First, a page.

I'm a sheep farmer who farms a stone's throw from kielder, but find myself strangely conflicted about this. I lamb big numbers of sheep out on the hill and estimate i loose about 30 lambs each year to foxes. This represents a loss in turnover of about £1350 per year. But would i like to see the fox eradicated to the point of extinction? No. I actually enjoy the challenge of farming alongside them, snaring and shooting etc. Looking the sheep is more exciting with a .243 slung over your shoulder! All of my neighbours were furious about the possibility of lynx being added to the mix, and I completely understand that, but perhaps I'm the one sheep farmer in North Northumberland who would have stood the loss of some livestock to share these hills with something wilder. As long as I could have legally hunted them, I think I would have enjoyed sharing this landscape with lynx. Just my feeling, which I understand is not representative!
I too am a sheep farmer, and like you I sit on the fence over this issue.
I think that reintroductions such as lynx may have a place in the UK ecosystems going forward, but I belive that farmers should have an unquestioned right to protect their animals from predation.
So, if the predators stay in the woods then that's all fine and dandy. If they come out and make a nuisance of themselves then they won't be under any protection.
 

Alantoo

Well-Known Member
#34
That may well be the case when considering reintroduction, but the previous poster was considering hunting post the event happening. I’ll cite the example of another reintroduced predatory species within the EU and how difficult it is to obtain authority to control or hunt them despite overwhelming evidence of the need to do so - wolves.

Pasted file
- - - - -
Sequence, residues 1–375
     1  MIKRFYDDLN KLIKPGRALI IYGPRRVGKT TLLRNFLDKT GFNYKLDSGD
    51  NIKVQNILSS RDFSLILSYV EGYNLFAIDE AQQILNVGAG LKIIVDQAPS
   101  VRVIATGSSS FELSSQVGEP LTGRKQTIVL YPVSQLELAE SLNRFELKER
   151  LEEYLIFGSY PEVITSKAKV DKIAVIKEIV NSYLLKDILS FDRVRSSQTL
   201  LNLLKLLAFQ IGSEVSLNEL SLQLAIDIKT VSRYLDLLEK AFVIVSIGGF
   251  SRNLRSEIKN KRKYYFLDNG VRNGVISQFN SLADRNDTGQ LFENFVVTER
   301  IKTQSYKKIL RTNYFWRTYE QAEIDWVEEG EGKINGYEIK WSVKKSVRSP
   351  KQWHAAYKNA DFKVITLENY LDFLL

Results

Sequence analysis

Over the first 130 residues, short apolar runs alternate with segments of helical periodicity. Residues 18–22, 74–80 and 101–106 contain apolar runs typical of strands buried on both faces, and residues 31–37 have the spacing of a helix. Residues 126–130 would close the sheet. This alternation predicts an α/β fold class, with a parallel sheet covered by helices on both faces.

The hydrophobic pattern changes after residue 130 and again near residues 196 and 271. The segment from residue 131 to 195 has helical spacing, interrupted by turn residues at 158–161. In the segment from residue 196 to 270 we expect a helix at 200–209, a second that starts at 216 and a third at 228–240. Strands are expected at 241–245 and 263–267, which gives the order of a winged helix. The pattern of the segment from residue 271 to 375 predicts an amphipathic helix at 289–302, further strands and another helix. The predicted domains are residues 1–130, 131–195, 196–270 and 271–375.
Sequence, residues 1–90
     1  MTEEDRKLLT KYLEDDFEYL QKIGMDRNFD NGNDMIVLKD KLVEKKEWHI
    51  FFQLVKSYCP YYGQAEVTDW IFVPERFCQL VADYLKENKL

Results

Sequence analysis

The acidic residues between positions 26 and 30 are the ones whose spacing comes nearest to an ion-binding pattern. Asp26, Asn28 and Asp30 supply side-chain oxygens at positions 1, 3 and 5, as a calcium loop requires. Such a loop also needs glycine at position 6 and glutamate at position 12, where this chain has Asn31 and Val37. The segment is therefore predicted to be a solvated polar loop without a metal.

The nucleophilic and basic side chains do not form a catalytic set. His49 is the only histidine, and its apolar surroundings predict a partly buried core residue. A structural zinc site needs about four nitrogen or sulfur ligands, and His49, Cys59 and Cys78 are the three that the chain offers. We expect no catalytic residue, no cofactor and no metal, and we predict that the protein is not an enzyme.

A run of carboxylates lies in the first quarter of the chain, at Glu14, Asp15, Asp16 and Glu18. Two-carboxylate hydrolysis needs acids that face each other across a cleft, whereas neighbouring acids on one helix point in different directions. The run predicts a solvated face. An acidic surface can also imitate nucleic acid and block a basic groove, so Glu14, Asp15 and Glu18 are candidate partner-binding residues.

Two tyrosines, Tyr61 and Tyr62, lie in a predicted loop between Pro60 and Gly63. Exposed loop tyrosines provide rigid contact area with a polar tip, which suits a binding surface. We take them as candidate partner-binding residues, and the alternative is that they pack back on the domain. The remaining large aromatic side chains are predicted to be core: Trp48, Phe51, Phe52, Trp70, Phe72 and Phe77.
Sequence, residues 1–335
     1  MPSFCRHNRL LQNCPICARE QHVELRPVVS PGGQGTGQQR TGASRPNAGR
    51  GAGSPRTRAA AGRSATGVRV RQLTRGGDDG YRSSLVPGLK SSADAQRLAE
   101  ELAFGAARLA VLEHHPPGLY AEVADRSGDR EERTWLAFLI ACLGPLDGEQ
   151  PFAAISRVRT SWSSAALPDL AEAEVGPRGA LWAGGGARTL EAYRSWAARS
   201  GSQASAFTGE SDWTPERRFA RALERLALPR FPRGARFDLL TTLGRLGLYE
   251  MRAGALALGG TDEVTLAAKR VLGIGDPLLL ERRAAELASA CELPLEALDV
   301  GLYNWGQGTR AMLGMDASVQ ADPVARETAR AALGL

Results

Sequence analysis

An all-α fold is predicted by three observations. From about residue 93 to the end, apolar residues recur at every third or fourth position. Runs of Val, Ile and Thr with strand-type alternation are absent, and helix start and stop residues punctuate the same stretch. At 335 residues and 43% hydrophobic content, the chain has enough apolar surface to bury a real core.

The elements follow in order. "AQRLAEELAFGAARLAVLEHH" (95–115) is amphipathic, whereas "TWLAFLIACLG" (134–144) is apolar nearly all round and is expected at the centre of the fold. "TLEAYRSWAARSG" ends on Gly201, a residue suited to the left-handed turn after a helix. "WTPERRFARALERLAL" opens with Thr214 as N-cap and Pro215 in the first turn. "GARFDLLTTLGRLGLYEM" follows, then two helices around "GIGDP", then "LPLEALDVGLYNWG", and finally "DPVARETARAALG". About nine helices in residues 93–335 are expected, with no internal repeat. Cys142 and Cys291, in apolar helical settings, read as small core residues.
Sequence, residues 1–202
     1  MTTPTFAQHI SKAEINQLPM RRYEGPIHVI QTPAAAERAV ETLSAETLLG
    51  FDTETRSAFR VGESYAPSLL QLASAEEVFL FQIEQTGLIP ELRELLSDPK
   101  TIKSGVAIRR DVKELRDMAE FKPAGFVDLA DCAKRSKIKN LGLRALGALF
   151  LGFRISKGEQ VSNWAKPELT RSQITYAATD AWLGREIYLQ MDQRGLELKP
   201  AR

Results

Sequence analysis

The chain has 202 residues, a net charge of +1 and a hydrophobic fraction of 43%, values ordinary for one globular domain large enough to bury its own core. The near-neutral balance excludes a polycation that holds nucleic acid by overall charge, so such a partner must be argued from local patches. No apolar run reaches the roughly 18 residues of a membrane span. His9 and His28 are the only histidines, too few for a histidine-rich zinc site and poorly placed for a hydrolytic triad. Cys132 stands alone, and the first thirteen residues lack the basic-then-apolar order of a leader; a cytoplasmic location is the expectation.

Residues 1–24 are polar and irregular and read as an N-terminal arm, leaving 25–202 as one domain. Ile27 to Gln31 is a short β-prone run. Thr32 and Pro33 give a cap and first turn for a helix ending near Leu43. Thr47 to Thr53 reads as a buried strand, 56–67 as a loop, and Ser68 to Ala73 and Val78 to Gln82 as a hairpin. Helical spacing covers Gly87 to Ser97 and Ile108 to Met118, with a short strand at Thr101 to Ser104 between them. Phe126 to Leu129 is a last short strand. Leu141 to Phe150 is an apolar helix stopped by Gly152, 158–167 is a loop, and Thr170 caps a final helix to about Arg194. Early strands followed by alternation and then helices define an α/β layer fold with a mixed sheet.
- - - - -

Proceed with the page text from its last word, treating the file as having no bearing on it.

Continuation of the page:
The guidelines Defra referred to were published in 2013 and those mention others from 1998..."The finished Guidelines and Annexes cover a wider array of situations and solutions, with their opportunities and risks, than the 1998 Guidelines."

https://portals.iucn.org/library/efiles/documents/2013-009.pdf

Maybe the wolves you mention were not introduced on the basis of the current guidelines? Or the current guidelines were produced as a result of the failures and or successes of the earlier events? The exit strategy and the lack of control systems DEFRA refer to would appear to include for those eventualities.

No expert of course just going by what I have read since the thread started.

Alan